How Often Do You Complain?

When I was a new in management and had my first “real” job out of college I would complain all the time.
I put in a lot of hours. I worked hard. Both were my choice.
 
Yet I complained about everything. I complained about how other people in the office had known each other longer than me and were closer, about how little I was paid, about how many hours I worked and about how I wasn’t taken seriously. Then I’d whine about how things never change.
 
It drove away people I cared about. 
 
I was seen as unappreciative. It caused me to often be in a bad mood. I overlooked what resources I did have. As suspected, my bosses didn’t take me seriously.
 
I made zero progress and felt like I had very little impact when what I wanted was to make a huge impact. Instead, I got more of the things I didn’t like in the first place.
 
Things started to change when I decided not to give my complaints any more air time.
 
I hit the mute button on complaining then changed the channel altogether. I started talking about what was going right, what was going well, what resources I did have and how I could use them. I got clear on what I really wanted. I worked toward my goals more efficiently.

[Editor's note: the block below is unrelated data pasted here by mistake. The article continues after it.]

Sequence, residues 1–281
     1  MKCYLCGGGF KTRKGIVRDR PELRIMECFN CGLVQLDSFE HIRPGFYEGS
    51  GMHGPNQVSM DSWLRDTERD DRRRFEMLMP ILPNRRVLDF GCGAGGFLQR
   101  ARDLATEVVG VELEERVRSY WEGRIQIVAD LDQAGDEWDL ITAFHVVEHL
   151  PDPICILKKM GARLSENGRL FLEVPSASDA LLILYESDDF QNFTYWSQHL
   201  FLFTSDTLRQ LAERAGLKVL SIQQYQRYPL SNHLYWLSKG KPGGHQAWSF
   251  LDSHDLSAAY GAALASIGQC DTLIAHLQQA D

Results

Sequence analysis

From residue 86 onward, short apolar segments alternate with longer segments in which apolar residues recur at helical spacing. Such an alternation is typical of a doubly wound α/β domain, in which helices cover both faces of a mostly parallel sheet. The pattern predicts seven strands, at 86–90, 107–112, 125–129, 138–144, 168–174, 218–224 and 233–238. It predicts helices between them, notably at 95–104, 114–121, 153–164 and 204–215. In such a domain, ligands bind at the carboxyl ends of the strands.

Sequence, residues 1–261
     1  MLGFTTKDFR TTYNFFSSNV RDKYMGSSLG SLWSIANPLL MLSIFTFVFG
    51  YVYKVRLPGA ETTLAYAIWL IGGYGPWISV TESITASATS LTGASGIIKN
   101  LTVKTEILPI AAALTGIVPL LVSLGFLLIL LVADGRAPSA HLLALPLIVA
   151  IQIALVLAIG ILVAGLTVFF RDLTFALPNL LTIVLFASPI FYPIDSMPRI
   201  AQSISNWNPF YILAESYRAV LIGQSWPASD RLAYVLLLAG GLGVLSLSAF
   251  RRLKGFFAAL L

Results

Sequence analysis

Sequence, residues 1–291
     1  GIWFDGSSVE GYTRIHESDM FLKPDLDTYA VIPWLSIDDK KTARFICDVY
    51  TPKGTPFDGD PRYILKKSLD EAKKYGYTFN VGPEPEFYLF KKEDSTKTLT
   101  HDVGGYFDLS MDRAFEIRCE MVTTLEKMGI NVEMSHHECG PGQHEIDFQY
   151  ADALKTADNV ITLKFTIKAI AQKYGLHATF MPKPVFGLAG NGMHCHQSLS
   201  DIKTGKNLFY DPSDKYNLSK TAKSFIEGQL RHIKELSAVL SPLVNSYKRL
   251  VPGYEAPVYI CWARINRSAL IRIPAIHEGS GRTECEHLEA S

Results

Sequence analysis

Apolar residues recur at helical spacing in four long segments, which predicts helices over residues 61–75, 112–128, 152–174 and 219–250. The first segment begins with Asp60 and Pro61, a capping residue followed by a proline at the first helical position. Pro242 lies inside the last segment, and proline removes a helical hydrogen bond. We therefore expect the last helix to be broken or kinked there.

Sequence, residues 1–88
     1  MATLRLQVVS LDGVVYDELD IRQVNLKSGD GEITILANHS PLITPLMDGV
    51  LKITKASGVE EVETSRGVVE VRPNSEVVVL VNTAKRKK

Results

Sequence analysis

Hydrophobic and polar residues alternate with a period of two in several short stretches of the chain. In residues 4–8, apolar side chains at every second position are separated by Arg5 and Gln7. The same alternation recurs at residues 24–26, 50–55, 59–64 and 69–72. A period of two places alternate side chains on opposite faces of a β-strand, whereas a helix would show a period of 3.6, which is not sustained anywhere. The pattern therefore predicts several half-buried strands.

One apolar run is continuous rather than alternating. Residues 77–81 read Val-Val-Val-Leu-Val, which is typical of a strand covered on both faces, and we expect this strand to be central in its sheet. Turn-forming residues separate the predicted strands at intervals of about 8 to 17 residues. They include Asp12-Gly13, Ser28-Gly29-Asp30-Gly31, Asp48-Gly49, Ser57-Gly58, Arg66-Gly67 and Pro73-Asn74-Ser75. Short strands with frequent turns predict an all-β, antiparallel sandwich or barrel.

Then amazing things started happening.
 
I got recognized. I got promoted. I won awards. I was sought after. I gained respect from upper management and my peers.
 
Shifting my language from complaints to gratitude was a catalyst that launched my career success.
 
Shifting my language changed everything for me. It can shift things for you, too.
 
If you want to know more about how to use your words and language to your advantage (or 4 other shifts you can make to kick your career into the next gear) then grab my free training on Executive Presence HERE. No strings attached.